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Saudi forces arrest renowned Pakistani Shia scholar while performing Umrah Hajj

Syed Nazir Abbas Taqvi, secretary general of Pakistan’s Shia Ulema (Scholars) Council and a senior official of Islami Tehreek Pakistan (ITP) political party (Photo via Twitter)

Saudi regime forces have arrested a prominent Pakistani Shia Muslim cleric in the holy city of Mecca while he was performing the Umrah Hajj (minor pilgrimage), as the House of Saud is pressing ahead with a heavy-handed crackdown against members of the religious community.

A Twitter post published on Friday announced that the secretary general of Pakistan’s Shia Ulema (Scholars) Council and a senior official of Islami Tehreek Pakistan (ITP) political party had been detained in the kingdom.

The post did not provide any reasons for Syed Nazir Abbas Taqvi’s arrest; however, he could be seen in a picture holding a flag at the courtyard of the Masjid al-Haram – Islam’s holiest site, bearing the name of Imam Ali ibn Abi Talib (AS), the first Shia Imam, in Arabic.

Many social media users took to Twitter, Facebook, and other social media platforms as soon as the news of Taqvi’s detention broke, demanding his immediate and unconditional release.

They also called on Pakistani authorities, including the Foreign Office, to ensure the release of the renowned Shia Muslim scholar.

Saudi Arabia has stepped up politically-motivated arrests, prosecution, and conviction of peaceful dissident writers and human rights campaigners, in particular in Shia-populated and energy-rich Eastern Province.

On February 7, Saudi Arabia’s so-called Specialized Criminal Court handed down death sentences to Ali Muhammad al-Rabea and Ali Hassan al-Safwani on trumped-up terrorism charges.

This is while the Saudi prosecutor’s office had earlier called for a 20-year prison sentence as well as a travel ban to prevent them from leaving the country, according to a report by the European Saudi Organization for Human Rights.

Saudi Shia Muslims Ali Muhammad al-Rabea (R) and Ali Hassan al-Safwani (Photo via Twitter)

Rabea has been falsely accused of being a member of a terrorist organization, supporting a terrorist ideology, helping and sheltering a number of terrorists and providing them with food, using information networks and social networks, and plans to contact terrorists.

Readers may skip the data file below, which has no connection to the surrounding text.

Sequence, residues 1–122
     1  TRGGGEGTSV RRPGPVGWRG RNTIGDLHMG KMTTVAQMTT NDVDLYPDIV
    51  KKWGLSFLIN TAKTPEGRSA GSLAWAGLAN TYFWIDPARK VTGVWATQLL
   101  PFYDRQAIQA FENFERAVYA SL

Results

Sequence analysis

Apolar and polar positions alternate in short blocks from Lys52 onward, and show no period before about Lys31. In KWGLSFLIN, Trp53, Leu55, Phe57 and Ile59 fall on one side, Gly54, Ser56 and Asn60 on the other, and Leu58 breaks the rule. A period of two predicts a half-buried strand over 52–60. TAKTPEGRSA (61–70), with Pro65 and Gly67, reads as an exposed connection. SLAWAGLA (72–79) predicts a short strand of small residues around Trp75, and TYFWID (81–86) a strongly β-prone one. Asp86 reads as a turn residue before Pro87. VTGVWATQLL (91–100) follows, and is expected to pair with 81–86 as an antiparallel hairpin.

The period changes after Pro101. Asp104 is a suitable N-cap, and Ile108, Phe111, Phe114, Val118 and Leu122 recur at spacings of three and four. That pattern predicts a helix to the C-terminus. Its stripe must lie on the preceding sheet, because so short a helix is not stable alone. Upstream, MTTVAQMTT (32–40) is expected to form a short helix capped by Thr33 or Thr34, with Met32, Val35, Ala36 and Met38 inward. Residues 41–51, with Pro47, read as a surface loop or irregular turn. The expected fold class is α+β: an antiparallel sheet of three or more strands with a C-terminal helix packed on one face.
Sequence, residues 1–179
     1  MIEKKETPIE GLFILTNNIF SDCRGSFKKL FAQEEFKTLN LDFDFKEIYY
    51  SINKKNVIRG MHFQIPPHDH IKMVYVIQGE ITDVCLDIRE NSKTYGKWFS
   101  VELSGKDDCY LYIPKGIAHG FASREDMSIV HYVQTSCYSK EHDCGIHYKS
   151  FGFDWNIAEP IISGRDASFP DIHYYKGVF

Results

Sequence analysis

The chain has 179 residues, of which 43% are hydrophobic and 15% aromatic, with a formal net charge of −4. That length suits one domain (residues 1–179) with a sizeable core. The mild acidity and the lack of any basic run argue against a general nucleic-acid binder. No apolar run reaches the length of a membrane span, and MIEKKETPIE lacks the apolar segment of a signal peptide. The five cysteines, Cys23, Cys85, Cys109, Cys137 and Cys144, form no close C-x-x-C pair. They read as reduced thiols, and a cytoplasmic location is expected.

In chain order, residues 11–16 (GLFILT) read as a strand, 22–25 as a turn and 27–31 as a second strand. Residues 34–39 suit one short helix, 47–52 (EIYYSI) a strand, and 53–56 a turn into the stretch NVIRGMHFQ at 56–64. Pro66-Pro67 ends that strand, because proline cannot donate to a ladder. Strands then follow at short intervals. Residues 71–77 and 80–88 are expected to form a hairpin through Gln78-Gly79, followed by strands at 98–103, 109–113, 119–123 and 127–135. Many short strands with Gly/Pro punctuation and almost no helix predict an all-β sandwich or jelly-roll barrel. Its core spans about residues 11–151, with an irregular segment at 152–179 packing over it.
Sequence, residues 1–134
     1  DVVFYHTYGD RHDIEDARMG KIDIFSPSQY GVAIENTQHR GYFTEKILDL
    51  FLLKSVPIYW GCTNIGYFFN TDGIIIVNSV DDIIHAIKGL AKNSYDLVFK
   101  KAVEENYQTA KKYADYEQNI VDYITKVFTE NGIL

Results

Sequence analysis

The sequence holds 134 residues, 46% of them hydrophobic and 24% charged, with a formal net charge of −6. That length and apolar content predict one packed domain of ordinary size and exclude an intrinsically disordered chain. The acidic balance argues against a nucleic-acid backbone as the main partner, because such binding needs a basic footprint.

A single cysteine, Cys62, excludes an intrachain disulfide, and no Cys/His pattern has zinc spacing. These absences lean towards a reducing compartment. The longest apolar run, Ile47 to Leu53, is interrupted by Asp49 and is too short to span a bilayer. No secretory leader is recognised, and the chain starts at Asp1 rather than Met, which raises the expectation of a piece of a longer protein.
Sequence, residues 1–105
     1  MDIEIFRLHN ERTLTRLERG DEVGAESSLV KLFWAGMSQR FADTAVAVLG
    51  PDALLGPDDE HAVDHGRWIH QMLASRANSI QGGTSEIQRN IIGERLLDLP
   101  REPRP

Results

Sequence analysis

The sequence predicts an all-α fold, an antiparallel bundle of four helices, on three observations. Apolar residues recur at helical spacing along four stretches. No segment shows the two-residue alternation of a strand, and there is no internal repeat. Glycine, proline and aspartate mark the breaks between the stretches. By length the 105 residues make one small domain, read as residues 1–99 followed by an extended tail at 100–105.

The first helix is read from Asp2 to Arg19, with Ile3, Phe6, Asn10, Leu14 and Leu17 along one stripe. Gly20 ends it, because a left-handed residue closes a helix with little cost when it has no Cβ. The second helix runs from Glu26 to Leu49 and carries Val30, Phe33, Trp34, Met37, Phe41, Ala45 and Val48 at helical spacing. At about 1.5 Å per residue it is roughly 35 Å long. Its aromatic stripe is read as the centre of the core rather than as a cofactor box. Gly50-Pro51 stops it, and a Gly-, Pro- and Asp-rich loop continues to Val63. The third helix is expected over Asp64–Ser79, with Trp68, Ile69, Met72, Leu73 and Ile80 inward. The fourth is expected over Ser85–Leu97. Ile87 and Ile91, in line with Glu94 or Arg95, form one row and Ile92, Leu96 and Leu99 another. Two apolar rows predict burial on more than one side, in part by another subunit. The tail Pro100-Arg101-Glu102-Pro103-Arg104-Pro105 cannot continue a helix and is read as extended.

He was arrested on February 7, 2021, after Saudi forces attacked his house without a warrant. The has been held in solitary confinement and denied contact with his family.  

Safwani has also been accused of being a member of a terrorist organization, supporting terrorist ideology, and aiding and abetting a number of terrorists.

Both of them have already rejected the accusations leveled against them, and said they were forced to confess without having access to a lawyer.

Saudi Arabia's Shia-populated and energy-rich Eastern Province.has been the scene of peaceful demonstrations since February 2011. Protesters have been demanding reforms, freedom of expression, the release of political prisoners, and an end to economic and religious discrimination against the region.

The protests have been met with a heavy-handed crackdown, with regime forces increasing security measures across the province.

Ever since Mohammed bin Salman became Saudi Arabia’s crown prince and de facto leader in 2017, the kingdom has arrested dozens of activists, bloggers, intellectuals, and others perceived as political opponents, showing almost zero tolerance for dissent even in the face of international condemnations of the crackdown.

As a result, Islamic scholars have been executed, women’s rights campaigners have been put behind bars and tortured, and freedom of expression, association, and belief continue to be denied.

Over the past years, Riyadh has also redefined its anti-terrorism laws to target activism.

In January 2016, Saudi authorities executed Shia cleric Sheikh Nimr Baqir al-Nimr, who was an outspoken critic of the Riyadh regime. Nimr had been arrested in Qatif in 2012.

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